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What are NFTs, and how do they fit into the crypto landscape?

Marietje Schaake, International Policy Director at Stanford's Cyber Policy Center, Eurasia Group senior advisor and former MEP, discusses trends in big tech, privacy protection and cyberspace:

You may have heard that Jack Dorsey is selling his first tweet as an NFT in an auction, but what are NFTs?

Well, I had to do a little homework. NFT stands for "non-fungible tokens." They are unique digital files stored in a block chain and essentially a rare piece of data that becomes an asset. Also, because it can be authenticated. Now, actual ownership is one-off, unique, so unique that Christie's sold one of the highest paid pieces of art by a living artist ever as an NFT, for $69.3 million. And I guess just like with art on canvas, whether that was worth it is a matter of personal taste.

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SolarWinds hack a wake-up call to the tech sector

Marietje Schaake, International Policy Director at Stanford University's Cyber Policy Center and former European Parliamentarian, discusses recent developments on big tech, privacy protection and emerging trends in cyberspace.

What immediate impact has the SolarWinds hack had on private companies?

Now, I hope it's meant a shock into action. The SolarWinds hack should be a wake-up call to all companies selling software, because any kind of negligence to ensure the highest security standards will come back as a boomerang to individual companies, but also to the tech sector collectively. Digitalization has come to mean privatization, and connectivity means vulnerability. Add these up and you can see the trust has to be earned every day.

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Section 230: The 90's law still governing the internet

The technology of the 1990s looked nothing like today's connected world—and the internet hosted just a fraction of the billions of people who now use it every day. Yet, Section 230 of the Communications Decency Act, passed in 1996, is the law that governs rights and responsibilities of social media companies…that weren't even around when it was written. Ian Bremmer explains on GZERO World.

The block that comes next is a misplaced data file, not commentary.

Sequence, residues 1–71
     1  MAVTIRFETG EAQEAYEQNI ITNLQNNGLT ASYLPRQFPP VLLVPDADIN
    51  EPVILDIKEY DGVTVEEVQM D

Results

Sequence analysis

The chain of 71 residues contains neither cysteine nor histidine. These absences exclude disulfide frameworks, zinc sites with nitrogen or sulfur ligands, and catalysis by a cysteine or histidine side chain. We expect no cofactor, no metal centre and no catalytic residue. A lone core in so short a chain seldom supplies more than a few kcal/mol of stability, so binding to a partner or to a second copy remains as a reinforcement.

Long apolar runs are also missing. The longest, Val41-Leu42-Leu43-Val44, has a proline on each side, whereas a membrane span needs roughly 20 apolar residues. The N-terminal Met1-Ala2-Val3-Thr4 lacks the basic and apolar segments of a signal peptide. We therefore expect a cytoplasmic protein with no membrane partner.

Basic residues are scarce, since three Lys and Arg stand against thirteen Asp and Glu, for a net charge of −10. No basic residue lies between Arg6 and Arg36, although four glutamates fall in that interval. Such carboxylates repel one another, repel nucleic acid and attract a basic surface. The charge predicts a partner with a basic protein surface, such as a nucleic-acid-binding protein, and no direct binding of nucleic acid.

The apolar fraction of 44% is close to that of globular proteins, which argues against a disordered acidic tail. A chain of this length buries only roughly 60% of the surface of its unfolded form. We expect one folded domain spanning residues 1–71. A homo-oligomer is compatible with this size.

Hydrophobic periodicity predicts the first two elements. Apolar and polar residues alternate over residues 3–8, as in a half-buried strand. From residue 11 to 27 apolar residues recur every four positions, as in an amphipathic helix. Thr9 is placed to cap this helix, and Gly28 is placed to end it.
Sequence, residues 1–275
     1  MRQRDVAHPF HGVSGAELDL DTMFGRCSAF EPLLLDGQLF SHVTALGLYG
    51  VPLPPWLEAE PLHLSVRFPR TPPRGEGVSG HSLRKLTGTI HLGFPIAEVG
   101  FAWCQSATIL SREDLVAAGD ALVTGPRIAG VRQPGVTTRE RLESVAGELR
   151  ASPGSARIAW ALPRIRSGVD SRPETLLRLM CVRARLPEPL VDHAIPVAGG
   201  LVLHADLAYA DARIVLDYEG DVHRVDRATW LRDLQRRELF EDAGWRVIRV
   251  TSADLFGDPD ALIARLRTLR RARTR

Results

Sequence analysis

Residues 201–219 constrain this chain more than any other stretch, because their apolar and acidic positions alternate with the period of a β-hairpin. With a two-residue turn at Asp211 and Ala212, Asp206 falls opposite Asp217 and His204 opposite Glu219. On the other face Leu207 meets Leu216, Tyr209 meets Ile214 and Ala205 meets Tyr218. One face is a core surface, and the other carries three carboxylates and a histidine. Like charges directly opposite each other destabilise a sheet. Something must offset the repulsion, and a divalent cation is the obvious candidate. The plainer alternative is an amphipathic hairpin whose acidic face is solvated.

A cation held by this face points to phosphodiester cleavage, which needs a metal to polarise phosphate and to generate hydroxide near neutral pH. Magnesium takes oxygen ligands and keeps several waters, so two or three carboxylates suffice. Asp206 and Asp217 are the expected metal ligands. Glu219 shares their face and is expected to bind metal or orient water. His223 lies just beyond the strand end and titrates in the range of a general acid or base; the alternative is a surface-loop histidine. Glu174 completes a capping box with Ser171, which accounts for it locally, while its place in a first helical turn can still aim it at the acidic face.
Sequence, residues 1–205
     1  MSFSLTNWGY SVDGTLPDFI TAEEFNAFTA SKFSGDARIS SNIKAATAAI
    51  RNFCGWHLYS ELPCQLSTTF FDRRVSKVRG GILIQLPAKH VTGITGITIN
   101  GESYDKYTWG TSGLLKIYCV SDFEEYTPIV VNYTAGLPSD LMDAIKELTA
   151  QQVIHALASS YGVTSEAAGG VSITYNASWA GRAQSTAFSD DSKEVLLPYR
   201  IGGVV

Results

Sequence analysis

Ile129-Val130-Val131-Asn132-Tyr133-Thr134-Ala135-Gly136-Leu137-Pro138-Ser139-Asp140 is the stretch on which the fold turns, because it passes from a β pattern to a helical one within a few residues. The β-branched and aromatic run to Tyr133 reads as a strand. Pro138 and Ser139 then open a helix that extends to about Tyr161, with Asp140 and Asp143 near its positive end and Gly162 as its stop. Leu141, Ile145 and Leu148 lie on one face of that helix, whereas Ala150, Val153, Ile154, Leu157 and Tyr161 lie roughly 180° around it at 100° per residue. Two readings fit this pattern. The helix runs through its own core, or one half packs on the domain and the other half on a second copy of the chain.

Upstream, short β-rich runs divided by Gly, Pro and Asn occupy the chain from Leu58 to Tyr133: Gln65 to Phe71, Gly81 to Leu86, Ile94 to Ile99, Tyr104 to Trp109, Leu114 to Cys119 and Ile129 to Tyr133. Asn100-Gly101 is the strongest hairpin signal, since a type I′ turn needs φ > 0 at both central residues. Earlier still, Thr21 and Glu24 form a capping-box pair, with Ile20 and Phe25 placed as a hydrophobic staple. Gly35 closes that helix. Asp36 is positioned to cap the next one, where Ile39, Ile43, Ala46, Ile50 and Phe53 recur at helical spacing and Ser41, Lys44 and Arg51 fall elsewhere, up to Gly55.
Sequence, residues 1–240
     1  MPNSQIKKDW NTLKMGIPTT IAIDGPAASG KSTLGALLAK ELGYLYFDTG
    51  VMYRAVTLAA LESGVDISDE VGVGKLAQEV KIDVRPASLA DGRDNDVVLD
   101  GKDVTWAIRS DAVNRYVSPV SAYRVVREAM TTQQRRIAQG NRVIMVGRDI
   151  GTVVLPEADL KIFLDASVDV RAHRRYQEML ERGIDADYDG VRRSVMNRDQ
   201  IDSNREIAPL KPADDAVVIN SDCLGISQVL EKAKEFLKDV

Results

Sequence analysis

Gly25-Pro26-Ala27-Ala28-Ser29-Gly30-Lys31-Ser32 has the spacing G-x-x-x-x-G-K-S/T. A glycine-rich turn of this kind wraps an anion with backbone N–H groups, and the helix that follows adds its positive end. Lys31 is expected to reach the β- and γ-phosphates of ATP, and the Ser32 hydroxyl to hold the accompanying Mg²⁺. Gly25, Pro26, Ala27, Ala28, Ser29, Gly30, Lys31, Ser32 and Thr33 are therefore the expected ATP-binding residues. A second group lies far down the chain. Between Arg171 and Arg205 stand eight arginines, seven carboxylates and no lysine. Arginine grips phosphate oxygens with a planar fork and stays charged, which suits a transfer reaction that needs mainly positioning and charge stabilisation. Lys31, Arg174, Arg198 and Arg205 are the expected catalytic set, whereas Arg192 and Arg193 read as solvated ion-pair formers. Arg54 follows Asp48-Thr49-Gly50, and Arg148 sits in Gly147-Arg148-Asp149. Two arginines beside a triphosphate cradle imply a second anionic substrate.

How to change a social media business model that profits from division

The United States has never been more divided, and it's safe to say that social media's role in our national discourse is a big part of the problem. But renowned tech journalist Kara Swisher doesn't see any easy fix. "I don't know how you fix the architecture of a building that is just purposely dangerous for everybody." Swisher joins Ian Bremmer to talk about how some of the richest companies on Earth, whose business models benefit from discord and division, can be compelled to see their better angels. Their conversation was part of the latest episode of GZERO World.

Kara Swisher on Big Tech’s big problem

Renowned tech journalist Kara Swisher has no doubt that social media companies bear responsibility for the January 6th pro-Trump riots at the Capitol and will likely be complicit in the civil unrest that may continue well into Biden's presidency. It's no surprise, she argues, that the online rage that platforms like Facebook and Twitter intentionally foment translated into real-life violence. But if Silicon Valley's current role in our national discourse is untenable, how can the US government rein it in? That, it turns out, is a bit more complicated. Swisher joins Ian Bremmer on GZERO World.

How can the Biden administration rein in Big Tech?

Renowned tech journalist Kara Swisher has no qualms about saying that many of the country's social media companies need to be held accountable for their negative role in our current national discourse. Swisher calls for "a less friendly relationship with tech" by the Biden administration, an "internet bill of rights" around privacy, and an investigation into antitrust issues.

Swisher, who hosts the New York Times podcast Sway, joins Ian Bremmer for the latest episode of GZERO World, airing on public television nationwide beginning this Friday, January 22th. Check local listings.

GZERO Summit on geotech: US-China tech Cold War or “stable tension”?

Just a decade ago, China's rise — accomplished on the back of globalization — was welcomed by most of the world. That has changed over the past five years, especially in the realm of technology.

Now, China and the US, the world's two largest economies, are fighting what many are calling a "new Cold War" on tech, Eurasia Group President Ian Bremmer said during the panel discussion on geotech at the 2020 GZERO Summit in Japan.

Bremmer believes that this conflict won't end globalization but it is a confrontation that could dramatically change the trajectory of globalization as many countries are forced to pick sides on issues like artificial intelligence, data, or 5G.

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Will there be a big tech breakup? Apple likely to announce 5G phone

Watch as Nicholas Thompson, editor-in-chief of WIRED, explains what's going on in technology news:

How likely will big tech companies Apple, Amazon, Facebook, and Google be forced to breakup as recommended by Democrats on the House Judiciary Subcommittee on Antitrust?

I think it's pretty unlikely. I think there will be hearings. I think there will be damages. I think that there will be scrutiny on future mergers. I don't think there will be breakups.

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